Asphalt Mixing Plant
At the Howard Companies, we not only provide Indianapolis and its surrounding areas with premium paving services, we produce and mill our own asphalt at our asphalt mixing plant as well. At our two asphalt plant locations we produce high quality hot asphaltic concrete materials. Ownership of our facilities enables us to ensure the highest quality of all materials and provide you with on-time delivery every time.
Our asphalt plant functions much like others do. When we mix up our product, we use a combination of a small portion of asphalt cement (which gives it its characteristic black color and is the glue that holds the mixture together) and a large portion of loose aggregates. Some of these include:
- Crushed stone from our local vicinities
Are you searching for ‘asphalt mixing plant’?
Through our pavement plant services, our company, and the Howard Companies, we bring exceptional quality and skill to the Fishers, Indianapolis, Plainfield, Carmel, Noblesville, Zionsville, Westfield and Greenwood areas. Let us help you pave whatever parking lot, roadway or surface you need. Call us today at 317-849-9666.
Learn More About Our Asphalt Material – 3 Key Types of Asphalt Modifiers
When it comes to basic ingredients, paving asphalt couldn’t be much simpler. Two main substances make up the vast bulk of asphalt: crushed gravel aggregate and asphalt cement. Yet while asphalt pavement can be successfully created using these basic ingredients, contractors often choose to augment the mix with certain additives.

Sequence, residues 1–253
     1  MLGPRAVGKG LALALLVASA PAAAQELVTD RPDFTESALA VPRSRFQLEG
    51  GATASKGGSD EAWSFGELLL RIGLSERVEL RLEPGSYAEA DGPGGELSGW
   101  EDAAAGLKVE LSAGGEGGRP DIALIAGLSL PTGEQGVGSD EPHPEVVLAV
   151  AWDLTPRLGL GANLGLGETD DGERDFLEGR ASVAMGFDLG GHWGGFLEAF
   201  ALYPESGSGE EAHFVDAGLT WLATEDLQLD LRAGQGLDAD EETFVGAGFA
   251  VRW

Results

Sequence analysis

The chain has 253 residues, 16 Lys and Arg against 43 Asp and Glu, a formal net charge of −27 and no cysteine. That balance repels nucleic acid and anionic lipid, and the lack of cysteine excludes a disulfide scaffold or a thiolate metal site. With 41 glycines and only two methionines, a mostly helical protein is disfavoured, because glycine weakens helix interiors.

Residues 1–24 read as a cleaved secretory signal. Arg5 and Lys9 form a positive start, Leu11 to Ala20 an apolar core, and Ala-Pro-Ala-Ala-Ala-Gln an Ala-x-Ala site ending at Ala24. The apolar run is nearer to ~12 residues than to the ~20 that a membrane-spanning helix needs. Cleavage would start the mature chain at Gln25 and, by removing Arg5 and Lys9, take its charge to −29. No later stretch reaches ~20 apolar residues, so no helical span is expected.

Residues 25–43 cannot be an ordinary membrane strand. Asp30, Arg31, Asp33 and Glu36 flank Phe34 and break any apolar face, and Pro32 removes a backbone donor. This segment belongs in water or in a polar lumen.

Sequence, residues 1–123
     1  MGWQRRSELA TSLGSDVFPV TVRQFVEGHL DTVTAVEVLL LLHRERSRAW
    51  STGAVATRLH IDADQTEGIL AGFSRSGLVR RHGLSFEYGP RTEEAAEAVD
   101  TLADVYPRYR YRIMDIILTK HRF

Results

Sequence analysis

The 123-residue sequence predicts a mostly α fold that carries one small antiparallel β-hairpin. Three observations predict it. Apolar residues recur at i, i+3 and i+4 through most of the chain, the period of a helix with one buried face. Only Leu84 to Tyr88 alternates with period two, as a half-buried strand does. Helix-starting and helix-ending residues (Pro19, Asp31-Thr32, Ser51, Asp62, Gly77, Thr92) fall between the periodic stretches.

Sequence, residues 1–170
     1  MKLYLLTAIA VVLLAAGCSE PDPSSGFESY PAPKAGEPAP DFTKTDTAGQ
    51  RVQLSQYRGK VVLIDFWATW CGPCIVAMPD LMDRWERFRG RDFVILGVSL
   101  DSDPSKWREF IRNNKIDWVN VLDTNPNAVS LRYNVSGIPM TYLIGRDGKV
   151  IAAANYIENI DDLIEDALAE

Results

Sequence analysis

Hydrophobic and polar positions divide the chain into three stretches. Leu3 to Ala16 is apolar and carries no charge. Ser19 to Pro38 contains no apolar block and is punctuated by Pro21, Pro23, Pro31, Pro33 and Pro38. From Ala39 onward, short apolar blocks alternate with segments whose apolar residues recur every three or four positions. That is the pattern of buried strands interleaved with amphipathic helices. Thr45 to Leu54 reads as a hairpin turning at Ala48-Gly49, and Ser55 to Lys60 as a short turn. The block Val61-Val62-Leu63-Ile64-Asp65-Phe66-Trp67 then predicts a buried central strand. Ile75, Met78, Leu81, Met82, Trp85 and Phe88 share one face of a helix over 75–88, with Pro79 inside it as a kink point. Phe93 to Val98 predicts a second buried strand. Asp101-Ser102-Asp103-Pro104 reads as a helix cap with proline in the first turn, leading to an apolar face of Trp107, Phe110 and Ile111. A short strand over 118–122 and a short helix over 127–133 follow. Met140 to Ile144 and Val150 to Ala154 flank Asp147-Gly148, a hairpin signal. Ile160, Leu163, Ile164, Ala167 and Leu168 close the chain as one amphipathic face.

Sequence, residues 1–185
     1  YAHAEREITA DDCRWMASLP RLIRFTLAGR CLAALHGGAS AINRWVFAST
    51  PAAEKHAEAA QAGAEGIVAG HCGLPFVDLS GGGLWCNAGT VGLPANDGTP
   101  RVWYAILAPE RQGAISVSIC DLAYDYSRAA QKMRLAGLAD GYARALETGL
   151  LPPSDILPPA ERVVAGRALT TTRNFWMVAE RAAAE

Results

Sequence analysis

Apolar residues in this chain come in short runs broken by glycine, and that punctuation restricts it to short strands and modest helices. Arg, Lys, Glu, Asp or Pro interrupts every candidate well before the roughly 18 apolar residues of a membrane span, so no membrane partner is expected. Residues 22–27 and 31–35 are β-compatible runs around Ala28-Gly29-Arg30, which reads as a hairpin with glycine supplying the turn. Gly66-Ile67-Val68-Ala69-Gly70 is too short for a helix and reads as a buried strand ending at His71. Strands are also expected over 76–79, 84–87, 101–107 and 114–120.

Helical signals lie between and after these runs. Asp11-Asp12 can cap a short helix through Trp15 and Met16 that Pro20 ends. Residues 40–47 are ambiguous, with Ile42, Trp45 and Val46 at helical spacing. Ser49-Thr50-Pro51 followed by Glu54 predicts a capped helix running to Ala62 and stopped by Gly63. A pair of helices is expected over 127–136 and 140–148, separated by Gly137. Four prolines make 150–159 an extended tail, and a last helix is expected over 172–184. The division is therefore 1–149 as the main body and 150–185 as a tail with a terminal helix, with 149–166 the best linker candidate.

These additives – usually incorporated into the asphalt binder – improve the pavement in a variety of ways, from ease of installation to long-term durability. If you would like to improve your knowledge about the different additives used to improve asphalt mixes, keep reading. This article will introduce you to three key varieties of asphalt modifiers.
1. Activated Mineral Stabilizer
In recent years, more contractors have come to appreciate the benefits of a type of asphalt known as stone matrix asphalt. Stone matrix asphalt omits medium-sized aggregate. This omission increases the amount of contact between large aggregate particles, thus leading to a stiffer and more rut-resistant form of asphalt.
Rubber has come to be one of the most widely incorporated asphalt modifiers in recent years. Much of this rubber comes from recycled car tires. Once non-rubber parts of a tire have been stripped out, workers grind the tread down into what is known as crumb rubber. Manufacturers then incorporate this crumb rubber into the hot asphalt mix.
Manufacturers have long used fiber as a way to improve the overall performance of hot mix asphalt. A variety of different fiber types may achieve this goal. These include both natural fibers such as rock wool and asbestos, as well as synthetic fibers such as cellulose, polypropylene, and fiberglass.
Learn even more about our asphalt plants on the north and south side of Indianapolis.
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